New Video: London’s Punks Jump Up and Their Old-School, Chicago House Leaning New Collaboration “Give It To Me” with the Legendary Robert Owens and Josh Caffe

Comprised of a native Londoner, Joe Attard and Swedish-born and London-based David Andersson, the London-based electronic music act and production duo Punks Jump Up (PJU) come from a punk, dance, street art, street fashion background. The project can trace their origins to the anything goes parties they put on in East London — and in the four years of the project’s existence, they have released a number of singles that have been released through renowned indie electronic labels such as Kitsune and others, as well as a number of official remixes of Miike Snow, Oliver, Moonlight Matters, Two Door Cinema Club, St Lucia, Lykke Li, Gossip, Robyn, Ladyhawke, Crystal Castles, Chromeo, Tiga, Joakim, Ladytron, Yelle, In Flagranti, The Supermen Lovers and Peter, Bjorn, and John.

Along with their remixes, the duo have an growing international profile as they’ve toured across the European Union, the USA, Chile, Brazil, Mexico, Australia, China, Singapore and Jakarta.

The duo’s latest single “Give It To Me,” a collaborative effort between PJU, London DJ and promoter Josh Caffe and legendary house music vocalist Robert Owens can trace its origins to when Attard and Andersson were clubbing  and run into Caffe and Azari and III’s Cedric. Before long, the quartet of friends and associates wound up at an after party when the guys in PJU had asked Caffe if he could contribute vocals on a new track, which was heavily inspired by The It’s “Donnie,” a classic, Chicago house track, which featured the vocals of Robert Owens, who contributed vocals to several beloved classic house tracks including Frankie Knuckles‘ “Tears,” “I’ll Be Your Friend,” “Bring Down the Walls” and others. Now here’s where things get interesting: Caffe agreed to the collaboration, and while the duo of Attard and Andersson played “Donnie” for Caffe, Caffe informed the duo that he was not only good friends with Owens but that he could give Owens a call and see if he would like to join in.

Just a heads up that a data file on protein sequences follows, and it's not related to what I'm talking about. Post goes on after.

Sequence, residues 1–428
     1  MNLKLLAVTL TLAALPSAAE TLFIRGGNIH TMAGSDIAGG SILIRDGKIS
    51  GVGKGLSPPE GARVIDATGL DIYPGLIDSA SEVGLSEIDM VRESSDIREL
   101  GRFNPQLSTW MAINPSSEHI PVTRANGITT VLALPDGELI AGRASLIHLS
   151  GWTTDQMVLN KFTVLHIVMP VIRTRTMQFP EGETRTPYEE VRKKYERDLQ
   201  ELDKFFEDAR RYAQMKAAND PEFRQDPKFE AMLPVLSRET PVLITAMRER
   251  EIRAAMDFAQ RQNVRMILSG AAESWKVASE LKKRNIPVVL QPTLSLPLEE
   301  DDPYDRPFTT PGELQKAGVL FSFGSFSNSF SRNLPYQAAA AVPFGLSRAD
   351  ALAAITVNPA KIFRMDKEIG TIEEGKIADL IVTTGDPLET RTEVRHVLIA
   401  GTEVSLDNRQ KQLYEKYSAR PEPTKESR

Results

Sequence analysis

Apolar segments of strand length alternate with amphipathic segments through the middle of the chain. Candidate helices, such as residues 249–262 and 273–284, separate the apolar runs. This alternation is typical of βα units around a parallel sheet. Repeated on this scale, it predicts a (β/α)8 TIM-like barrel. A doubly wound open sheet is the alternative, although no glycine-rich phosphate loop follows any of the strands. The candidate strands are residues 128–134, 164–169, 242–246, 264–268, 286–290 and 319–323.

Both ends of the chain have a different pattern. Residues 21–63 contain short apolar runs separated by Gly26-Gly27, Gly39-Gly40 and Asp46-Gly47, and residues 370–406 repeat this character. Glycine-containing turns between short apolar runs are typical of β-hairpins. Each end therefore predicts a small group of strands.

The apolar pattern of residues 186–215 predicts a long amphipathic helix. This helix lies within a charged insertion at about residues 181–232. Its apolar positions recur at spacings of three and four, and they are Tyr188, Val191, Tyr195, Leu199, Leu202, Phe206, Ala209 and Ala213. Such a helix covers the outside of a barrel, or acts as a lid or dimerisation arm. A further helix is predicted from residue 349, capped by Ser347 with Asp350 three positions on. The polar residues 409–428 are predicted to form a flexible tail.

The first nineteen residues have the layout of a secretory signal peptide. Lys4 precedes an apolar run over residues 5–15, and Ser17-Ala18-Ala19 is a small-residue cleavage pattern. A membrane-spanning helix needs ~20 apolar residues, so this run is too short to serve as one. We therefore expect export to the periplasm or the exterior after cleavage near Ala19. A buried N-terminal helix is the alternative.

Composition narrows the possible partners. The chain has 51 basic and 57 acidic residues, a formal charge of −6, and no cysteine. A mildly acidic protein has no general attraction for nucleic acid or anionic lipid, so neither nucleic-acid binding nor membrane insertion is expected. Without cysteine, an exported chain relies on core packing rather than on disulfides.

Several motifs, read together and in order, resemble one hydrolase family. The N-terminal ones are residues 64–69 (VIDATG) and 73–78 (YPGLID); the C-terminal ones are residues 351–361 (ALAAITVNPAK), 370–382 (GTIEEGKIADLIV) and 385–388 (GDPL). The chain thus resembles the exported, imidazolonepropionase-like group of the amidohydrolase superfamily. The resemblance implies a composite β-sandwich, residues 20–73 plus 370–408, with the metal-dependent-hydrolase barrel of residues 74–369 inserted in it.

The end result is an incredibly upbeat, club-banging track that owes a great, sonic debt to old school house, as the song is comprised of skittering drum programming, wobbling, tweeter and woofer rattling bass, layers of cascading synths, blasts of horn parked with soulful vocals. If this track doesn’t make you want to get up, dance and throw your arms up in the air in complete joy, then there’s something deeply wrong with you.

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